Paid it forward today


OK. I thought of another one - not trying to pat myself on the back, but a few more stories from the mountains:

Leadville 100 mountain bike race a few years back. I wasn't racing, but helping support my two buddies that were doing the race. I was on the side of the trail with food/water/tools for them as they approached the base of the big climb. Some racer in the early groups (just behind Lance. Yes.... THAT Lance...) comes around the corner yelling "does anyone have an eggbeater?????"

I think "what whacko is going to make scrambled eggs right now", then I realize he's talking about the clipless pedals that are referred to as "eggbeaters".

I had my bike in the truck about 50 yards away and yelled back "I have some". His pedal blew the bearings, and I ran down, spumn one of mine off, put it on his bike, and he tried to quickly get my name/number, I said "I'm E.N. Meyer staying at the Columbine Inn, but don't worry - just GO". Somehow, he tracked down my contact info from the hotel, and sent me FIVE pairs of those pedals and a nice thank you note. He worked in marketing for Cannondale bikes. Cool dude.

Same race, another guy (straggler towards the end of the race) comes running around that corner of the trail with a crunched front wheel. I ask if he needs a loaner wheel, and I give him mine, and once again, the hotel. I really did want that expensive wheel back. Figured I might never see it. Came out of the hotel the next morning with the wheel in the back of the truck, and a nice note saying thank you on the windshield.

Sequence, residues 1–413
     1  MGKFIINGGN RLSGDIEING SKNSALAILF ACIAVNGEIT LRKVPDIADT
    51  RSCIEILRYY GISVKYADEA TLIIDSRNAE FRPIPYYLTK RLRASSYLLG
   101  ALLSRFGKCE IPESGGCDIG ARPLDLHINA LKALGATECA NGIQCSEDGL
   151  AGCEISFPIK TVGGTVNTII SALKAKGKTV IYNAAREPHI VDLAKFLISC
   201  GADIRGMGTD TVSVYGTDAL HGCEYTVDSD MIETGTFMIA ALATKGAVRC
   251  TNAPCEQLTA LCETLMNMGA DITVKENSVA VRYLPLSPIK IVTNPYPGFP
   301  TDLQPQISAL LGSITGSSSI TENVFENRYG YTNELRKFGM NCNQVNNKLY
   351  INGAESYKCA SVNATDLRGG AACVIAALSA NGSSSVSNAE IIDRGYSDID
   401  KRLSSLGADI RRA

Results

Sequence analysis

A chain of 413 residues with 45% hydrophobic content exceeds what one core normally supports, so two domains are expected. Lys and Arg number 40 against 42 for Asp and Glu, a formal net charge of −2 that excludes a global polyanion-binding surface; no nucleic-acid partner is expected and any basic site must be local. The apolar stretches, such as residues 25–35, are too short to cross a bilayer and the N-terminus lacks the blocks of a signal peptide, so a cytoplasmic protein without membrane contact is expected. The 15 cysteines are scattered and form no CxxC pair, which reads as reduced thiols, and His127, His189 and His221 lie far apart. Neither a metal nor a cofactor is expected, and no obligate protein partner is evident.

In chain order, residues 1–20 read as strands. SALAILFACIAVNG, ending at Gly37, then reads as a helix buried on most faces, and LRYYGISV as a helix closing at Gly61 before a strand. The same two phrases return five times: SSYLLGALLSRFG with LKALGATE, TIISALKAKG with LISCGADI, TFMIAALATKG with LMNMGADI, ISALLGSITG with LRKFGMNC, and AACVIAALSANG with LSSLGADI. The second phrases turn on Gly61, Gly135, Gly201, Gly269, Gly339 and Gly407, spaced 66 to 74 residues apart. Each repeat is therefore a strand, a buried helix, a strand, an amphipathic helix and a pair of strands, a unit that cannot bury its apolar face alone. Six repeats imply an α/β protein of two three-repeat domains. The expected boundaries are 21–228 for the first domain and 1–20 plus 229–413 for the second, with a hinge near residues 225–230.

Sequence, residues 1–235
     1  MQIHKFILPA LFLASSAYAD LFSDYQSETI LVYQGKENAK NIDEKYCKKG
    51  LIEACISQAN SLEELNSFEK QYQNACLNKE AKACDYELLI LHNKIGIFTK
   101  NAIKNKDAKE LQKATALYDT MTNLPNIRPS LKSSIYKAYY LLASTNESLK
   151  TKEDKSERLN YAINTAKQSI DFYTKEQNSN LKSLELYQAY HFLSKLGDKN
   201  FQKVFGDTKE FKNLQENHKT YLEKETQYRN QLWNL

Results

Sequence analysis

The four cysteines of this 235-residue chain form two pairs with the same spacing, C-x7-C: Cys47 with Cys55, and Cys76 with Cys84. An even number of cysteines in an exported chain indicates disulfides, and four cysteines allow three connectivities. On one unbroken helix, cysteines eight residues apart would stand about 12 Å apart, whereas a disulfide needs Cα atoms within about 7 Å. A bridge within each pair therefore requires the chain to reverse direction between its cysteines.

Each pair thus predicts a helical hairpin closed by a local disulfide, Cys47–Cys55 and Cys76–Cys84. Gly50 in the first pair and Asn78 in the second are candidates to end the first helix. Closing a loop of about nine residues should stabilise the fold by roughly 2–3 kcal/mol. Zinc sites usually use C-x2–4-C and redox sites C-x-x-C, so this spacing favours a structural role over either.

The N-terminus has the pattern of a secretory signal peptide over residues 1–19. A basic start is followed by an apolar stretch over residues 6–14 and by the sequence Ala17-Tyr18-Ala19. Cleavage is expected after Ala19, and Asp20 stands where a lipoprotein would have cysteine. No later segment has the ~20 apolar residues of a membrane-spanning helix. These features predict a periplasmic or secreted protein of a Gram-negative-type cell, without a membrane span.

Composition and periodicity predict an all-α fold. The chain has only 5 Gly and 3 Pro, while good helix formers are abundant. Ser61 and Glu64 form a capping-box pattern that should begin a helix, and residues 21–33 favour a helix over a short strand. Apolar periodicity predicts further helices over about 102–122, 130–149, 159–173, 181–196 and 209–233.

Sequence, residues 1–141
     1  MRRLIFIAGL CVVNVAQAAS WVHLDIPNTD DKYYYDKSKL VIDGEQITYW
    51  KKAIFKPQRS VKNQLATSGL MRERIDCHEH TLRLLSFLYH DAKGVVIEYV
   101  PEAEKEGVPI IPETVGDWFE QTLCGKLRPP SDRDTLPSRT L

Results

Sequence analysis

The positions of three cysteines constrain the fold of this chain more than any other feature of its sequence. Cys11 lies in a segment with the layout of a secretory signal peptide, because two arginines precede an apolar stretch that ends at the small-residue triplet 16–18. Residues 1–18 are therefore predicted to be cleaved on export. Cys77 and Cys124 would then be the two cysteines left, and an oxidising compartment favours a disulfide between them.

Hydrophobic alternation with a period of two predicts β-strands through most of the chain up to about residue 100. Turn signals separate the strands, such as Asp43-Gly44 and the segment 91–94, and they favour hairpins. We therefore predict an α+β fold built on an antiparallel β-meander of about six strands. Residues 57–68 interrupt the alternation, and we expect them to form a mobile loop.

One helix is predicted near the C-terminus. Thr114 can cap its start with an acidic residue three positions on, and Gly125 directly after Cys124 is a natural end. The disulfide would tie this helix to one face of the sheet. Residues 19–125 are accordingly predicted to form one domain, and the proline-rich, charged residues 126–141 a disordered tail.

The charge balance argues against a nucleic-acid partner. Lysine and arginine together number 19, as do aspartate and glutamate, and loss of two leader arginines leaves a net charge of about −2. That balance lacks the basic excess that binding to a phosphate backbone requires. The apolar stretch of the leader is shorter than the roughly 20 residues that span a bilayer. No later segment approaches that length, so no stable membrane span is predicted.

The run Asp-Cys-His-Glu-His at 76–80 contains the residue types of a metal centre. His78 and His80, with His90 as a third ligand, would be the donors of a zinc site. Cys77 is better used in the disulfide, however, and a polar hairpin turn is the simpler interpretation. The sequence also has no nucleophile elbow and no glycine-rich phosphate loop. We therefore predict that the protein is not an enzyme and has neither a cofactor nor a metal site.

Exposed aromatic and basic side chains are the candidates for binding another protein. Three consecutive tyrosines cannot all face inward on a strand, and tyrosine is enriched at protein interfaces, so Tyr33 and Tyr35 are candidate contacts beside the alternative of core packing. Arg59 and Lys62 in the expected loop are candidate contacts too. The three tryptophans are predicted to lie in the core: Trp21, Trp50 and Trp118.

Same race (this is getting crazy), different aid area - near the end of this brutal race. Near Turquoise lake. It's raining and at 10,000' altitude, it's cold. Nasty. Muddy. This woman comes waking her bike down the trail and is shivering. I ask if she's ok and she says "I'm done - can't ride anymore". She's covered in mud and can't stop shivering. I throw her bike in my truck turn on the engine and put the heat on high and she sits in it while I go back to the race to see if my buddies are still in the race and need anything. I come back to the truck, it's like 100 degrees in there and she's still shivering! Her husband drives up and takes her back to town. We end up seeing her at dinner, and she's all bubbly and laughing and obviously, back to normal. They offer to buy my whole group dinner, but we (of course) decline and wish them well.

I do think there's something about helping people in these situations that's a lot different than picking up a random hitchhiker, right?

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